There is a wonderful video going around that combines footage of reporters saying there is no leftist mob with actual footage of leftist mobs.
The campaign commercials are truly just writing themselves these days. And my state’s Republican governor, Kim Reynolds, better take note of that right quick if she wants to be re-elected in a few weeks.
Because so far, she’s doing it wrong, and she’s not alone. As I watch candidates ads across the country, Republicans by and large seem to want to address everything except the cultural transformation sought by the Left. After all, wasn’t one of the reasons Donald Trump shocked forecasters such as myself in 2016 his willingness to embrace those cultural flash points the GOP base cares most about?
Instead, Reynolds is running a campaign commercial that attacked her opponent for being a corporate zombie who hates the working man.
Note to Reynolds: That’s a Democrat campaign commercial, and a bad one at that.
What on earth is she doing? The voters who believe that class warfare crap are already well ensconced within the progressive cult. So by courting them, you are not only failing to improve your stock among imaginary legions of moderates, but you are also depressing your own base. There’s a ton of conservative red meat out there that Reynolds is clearly choosing to ignore and that she’s earned the right to use.
For example, Reynolds’ opponent is a former chairman of Planned Parenthood in Iowa and purchased property for the PP death merchants to open a clinic in. That’s the kind of cultural flash point that ultimately led to Trump’s right to put that spiffy title of “President of the United States” on his desk.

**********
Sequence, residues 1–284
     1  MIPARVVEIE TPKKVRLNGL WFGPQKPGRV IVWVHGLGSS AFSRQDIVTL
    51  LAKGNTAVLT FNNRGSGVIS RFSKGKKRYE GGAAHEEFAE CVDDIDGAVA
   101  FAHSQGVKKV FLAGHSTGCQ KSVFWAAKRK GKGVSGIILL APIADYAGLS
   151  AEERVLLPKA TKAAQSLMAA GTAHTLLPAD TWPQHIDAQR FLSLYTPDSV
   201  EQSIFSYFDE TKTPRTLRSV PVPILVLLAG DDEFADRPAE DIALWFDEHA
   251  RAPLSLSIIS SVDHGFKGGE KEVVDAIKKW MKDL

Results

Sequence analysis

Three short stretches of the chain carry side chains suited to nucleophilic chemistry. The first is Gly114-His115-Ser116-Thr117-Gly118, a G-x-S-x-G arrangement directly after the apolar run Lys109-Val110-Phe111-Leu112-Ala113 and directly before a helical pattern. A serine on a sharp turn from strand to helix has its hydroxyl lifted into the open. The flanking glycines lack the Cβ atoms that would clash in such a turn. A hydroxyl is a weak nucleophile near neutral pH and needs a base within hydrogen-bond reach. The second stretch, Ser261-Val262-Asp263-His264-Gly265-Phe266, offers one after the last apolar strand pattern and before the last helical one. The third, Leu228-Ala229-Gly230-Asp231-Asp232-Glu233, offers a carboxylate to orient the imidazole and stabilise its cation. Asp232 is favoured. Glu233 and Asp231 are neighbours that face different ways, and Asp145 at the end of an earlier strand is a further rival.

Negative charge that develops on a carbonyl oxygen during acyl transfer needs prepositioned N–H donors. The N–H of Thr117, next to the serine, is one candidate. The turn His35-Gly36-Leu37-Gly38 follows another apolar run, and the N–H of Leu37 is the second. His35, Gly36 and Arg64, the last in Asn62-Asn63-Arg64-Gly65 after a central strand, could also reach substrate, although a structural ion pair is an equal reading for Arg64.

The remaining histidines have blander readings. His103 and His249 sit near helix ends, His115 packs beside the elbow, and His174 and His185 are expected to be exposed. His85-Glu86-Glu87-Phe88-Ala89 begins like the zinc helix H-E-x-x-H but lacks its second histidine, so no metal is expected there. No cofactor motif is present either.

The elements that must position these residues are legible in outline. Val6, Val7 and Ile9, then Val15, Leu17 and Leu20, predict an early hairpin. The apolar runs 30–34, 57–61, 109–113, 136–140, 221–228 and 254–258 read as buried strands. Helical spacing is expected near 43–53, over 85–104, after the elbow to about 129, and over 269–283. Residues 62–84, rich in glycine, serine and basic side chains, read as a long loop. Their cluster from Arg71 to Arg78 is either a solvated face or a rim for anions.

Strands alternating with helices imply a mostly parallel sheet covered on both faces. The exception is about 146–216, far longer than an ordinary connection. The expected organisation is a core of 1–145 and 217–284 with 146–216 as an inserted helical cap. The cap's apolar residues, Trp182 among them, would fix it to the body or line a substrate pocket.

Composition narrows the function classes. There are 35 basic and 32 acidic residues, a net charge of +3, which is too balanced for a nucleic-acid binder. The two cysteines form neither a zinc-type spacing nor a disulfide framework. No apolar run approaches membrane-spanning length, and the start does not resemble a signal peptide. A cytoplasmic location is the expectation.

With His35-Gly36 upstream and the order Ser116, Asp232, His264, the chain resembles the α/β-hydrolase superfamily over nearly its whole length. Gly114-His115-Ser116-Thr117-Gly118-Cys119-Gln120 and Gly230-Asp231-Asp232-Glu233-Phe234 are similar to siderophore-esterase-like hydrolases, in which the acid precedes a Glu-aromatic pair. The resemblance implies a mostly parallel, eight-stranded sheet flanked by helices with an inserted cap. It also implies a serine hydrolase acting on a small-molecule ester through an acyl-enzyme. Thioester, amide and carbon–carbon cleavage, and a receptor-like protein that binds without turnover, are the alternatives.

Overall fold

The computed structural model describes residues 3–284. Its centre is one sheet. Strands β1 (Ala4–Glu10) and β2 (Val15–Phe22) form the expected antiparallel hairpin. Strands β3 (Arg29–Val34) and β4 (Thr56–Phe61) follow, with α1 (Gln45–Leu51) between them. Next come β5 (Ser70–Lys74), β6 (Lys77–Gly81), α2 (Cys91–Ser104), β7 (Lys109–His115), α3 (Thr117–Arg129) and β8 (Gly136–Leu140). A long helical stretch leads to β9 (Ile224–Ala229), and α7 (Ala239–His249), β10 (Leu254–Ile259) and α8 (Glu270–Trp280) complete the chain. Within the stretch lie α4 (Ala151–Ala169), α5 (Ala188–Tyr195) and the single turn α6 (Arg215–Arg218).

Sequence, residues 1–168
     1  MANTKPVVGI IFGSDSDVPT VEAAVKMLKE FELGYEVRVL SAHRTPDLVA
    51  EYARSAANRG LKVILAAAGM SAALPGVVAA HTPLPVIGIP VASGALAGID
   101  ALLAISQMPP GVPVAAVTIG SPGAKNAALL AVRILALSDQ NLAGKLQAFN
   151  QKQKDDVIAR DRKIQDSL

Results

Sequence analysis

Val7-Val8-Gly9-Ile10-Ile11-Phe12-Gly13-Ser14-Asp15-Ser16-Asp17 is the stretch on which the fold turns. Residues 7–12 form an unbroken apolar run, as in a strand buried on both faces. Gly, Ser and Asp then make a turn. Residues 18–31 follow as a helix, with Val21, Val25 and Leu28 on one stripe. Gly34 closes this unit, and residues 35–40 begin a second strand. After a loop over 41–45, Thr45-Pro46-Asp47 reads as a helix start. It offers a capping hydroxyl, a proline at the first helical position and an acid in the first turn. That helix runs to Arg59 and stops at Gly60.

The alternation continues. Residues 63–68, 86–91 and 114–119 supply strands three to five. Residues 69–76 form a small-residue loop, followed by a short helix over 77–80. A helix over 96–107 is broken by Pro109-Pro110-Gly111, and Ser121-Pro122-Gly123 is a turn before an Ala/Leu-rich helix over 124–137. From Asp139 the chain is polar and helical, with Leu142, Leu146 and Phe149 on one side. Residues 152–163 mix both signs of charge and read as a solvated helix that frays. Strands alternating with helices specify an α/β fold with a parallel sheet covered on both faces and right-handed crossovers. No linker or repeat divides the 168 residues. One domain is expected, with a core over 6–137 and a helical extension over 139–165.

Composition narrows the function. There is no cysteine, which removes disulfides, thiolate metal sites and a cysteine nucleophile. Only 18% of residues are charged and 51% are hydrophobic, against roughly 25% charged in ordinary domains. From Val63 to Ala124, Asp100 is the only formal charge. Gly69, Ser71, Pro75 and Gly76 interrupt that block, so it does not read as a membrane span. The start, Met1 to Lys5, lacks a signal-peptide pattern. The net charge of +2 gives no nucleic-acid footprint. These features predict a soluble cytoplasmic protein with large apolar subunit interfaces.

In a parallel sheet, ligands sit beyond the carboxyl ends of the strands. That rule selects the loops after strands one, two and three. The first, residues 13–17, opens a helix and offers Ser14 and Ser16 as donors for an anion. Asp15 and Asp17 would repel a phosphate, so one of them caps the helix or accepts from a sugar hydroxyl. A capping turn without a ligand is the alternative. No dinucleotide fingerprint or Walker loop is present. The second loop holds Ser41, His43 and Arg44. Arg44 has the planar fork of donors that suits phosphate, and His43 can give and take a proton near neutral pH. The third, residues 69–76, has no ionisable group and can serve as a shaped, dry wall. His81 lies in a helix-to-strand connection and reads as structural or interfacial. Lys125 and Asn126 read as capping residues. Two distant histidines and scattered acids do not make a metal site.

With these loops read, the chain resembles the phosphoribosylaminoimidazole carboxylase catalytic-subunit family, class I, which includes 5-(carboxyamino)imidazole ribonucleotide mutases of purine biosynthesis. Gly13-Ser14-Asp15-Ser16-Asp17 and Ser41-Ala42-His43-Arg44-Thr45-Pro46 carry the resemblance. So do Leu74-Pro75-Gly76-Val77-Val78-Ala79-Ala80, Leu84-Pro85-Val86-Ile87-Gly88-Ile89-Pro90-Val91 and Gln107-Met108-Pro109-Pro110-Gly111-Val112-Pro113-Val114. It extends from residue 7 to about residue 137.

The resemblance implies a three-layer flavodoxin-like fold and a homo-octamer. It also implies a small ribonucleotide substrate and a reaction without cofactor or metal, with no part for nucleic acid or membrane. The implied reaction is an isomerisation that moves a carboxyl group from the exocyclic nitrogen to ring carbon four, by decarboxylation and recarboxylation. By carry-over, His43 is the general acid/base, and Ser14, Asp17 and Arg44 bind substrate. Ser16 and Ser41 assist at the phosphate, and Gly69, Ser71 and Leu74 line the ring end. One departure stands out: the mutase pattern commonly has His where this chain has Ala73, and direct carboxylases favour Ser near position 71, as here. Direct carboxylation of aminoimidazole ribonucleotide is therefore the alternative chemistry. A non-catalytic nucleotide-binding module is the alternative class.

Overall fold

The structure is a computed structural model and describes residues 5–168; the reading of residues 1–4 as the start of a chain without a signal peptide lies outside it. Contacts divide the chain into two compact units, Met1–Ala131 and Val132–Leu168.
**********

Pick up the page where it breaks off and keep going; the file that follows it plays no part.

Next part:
Whether he fully believed his talking points or not, he simply never pulled his punches on the campaign trail. He didn’t just say abortion was bad, but he said he was going to appoint Supreme Court judges who would overturn Roe v. Wade. And the crowd. Went. Wild.
So why do Reynolds and so many Republicans like her play it so softly? She was just asked at her first gubernatorial debate, “What’s the one thing you won’t compromise on?” Her answer was one word: “Life.”
Right. On. So why isn’t that a campaign commercial? Why isn’t the heartbeat bill that you signed during the last legislative session one of the signature shout-outs of your campaign? Why aren’t you contrasting it with Planned Parenthood’s freezers full of baby parts for sale? Why aren’t you talking about protecting the very nature of reality — things like how many genders there are and that under the Left’s rule, you must be willing to change your religion or lose your business?
For too many Republicans like Reynolds, the harvest is plenty but the candidates are few. Suburban voters who are threatening to desert the GOP in this election are showing they are not down with the woke. Nor did they move out to the suburbs because they want government by mobocracy. Instead of massaging the message with pale pastels, candidates like Reynolds need to make two things plain:
1) They understand the cultural angst everyday Americans feel about surrendering the culture to the mob outside Lot’s house.
2) They will do something about it if voters empower them to do so.
Anything short of that? Say hello to Governor Hubbell and Speaker Pelosi.